Climate Change and Landscape

Climate Change as Reflected through Sediment Core Analysis

During the April 26-May 15, 2010 expedition, eight of the total 25 pools were explored using technical scuba diving. Cara Blanca Pool 6 was cored using a manual push core of 3.0 m compacted length, using 10 cm diameter PVC tubing from flat central areas devoid of vegetation.

Age chronology is being based on AMS carbon-14 determination of wood and leaf material by the Illinois Geological Survey, with some initial scoping dates by Beta Analytics. Dates returned so far for Pool 06 (with 1 sigma error bars smaller than symbol sizes) show a clear chronology, with a potential anomalous date at 126 cm depth (pictured above: composite image compiled by Colleen Lindsay).

Ongoing sedimentological analysis being undertaken at Northwestern University via Patricia Beddows includes: lithological framework (depositional conditions for each strata based on color, texture, and materials preserved), density index, stable isotopes of inorganic carbon (d13C) and oxygen (d18O), and determination of organic and inorganic carbon using carbon coulometry (beginning January 2013).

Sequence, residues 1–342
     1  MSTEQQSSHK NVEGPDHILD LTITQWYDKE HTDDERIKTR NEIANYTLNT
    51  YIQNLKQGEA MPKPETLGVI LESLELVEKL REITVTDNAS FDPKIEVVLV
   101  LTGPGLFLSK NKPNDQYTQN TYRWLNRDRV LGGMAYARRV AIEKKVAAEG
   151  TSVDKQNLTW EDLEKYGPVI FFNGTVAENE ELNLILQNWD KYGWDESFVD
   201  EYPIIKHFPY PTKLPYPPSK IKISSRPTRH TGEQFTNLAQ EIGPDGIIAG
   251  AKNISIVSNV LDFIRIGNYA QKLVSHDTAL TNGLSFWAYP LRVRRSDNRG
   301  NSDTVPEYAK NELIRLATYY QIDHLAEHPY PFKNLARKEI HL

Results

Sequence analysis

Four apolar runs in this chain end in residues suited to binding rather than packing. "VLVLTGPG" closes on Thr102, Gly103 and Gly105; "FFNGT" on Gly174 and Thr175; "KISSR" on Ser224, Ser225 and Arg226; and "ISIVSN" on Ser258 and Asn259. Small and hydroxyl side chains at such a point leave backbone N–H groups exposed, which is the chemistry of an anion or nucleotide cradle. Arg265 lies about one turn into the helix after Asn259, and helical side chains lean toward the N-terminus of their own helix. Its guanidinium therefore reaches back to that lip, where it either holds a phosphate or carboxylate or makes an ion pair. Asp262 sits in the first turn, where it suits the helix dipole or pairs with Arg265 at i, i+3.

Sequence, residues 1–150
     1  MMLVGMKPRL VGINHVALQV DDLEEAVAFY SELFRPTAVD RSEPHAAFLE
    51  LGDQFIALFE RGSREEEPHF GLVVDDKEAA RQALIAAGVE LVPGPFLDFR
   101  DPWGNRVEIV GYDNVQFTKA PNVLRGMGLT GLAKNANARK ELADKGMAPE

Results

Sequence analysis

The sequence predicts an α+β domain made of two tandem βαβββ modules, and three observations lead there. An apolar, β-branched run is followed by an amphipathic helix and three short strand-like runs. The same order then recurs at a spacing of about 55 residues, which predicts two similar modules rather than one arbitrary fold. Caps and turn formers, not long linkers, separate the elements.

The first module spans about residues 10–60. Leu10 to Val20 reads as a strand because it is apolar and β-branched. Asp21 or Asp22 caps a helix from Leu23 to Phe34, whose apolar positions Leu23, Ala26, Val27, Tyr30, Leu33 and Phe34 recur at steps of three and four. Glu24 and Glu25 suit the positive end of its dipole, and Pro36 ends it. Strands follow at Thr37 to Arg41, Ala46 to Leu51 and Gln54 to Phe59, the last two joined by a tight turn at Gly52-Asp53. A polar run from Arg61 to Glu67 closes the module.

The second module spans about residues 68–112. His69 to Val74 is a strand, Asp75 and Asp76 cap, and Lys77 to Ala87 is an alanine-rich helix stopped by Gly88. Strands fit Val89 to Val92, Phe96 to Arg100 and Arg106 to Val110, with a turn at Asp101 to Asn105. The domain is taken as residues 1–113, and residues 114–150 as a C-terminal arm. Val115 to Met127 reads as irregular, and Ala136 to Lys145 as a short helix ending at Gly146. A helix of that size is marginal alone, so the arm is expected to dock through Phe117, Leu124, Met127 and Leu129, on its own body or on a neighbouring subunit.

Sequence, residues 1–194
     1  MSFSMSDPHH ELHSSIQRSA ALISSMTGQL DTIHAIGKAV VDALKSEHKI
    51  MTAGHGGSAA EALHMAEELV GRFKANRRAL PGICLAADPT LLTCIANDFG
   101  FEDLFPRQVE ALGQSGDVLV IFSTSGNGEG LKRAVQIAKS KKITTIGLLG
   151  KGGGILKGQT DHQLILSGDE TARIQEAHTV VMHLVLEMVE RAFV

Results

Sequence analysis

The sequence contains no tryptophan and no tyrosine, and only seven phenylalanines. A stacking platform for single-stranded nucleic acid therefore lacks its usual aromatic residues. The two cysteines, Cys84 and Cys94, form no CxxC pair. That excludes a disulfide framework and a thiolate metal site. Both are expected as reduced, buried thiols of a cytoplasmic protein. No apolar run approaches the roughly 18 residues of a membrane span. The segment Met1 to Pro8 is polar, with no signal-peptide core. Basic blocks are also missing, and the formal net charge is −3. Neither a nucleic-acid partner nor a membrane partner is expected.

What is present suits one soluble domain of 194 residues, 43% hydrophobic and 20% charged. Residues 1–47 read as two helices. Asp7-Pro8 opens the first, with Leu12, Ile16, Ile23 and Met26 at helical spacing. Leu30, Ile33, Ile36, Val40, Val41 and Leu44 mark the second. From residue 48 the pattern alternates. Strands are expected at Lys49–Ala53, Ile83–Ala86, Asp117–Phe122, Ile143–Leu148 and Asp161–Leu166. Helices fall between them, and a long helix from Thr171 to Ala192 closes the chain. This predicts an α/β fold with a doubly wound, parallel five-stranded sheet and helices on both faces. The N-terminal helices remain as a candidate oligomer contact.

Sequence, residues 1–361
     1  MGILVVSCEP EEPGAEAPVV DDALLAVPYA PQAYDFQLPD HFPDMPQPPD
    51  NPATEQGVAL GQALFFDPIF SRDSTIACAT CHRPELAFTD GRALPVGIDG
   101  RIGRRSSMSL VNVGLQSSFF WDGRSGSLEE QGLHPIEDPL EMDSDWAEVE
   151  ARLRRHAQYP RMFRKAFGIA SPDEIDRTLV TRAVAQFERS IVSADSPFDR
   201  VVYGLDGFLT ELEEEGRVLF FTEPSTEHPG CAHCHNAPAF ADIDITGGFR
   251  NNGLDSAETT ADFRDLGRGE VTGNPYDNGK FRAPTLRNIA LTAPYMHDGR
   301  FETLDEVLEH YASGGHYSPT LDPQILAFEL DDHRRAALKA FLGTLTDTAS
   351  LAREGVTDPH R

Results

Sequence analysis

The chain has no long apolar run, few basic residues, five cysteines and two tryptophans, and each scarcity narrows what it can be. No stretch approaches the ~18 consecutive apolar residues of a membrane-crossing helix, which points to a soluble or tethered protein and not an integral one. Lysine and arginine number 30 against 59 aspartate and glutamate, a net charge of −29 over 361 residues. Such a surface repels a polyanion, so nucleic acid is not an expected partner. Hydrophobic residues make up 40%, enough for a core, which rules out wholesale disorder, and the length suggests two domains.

This multiproxy sedimentological analysis is the foundation for development of a detailed pollen record revealing the ecological conditions and shifts over time for this site. The pools of Cara Blanca lie along the base of a fault guided escarpment. The pools of Cara Blanca are largely closed basins, and called “endorheic basins”. They are ideal for pollen analysis since deposition is dominated by wind transported pollen falling on the water surface and not by pollen arriving by river from some great distance.

Initial pollen counts indicate that the pollen concentrations are high in the cores. The pollen (pictured above: photos taken by Colleen Lindsay) also appears to be well-preserved and most will be identifiable to genus. Pollen further appears to change in type throughout the core, indicating environmental changes.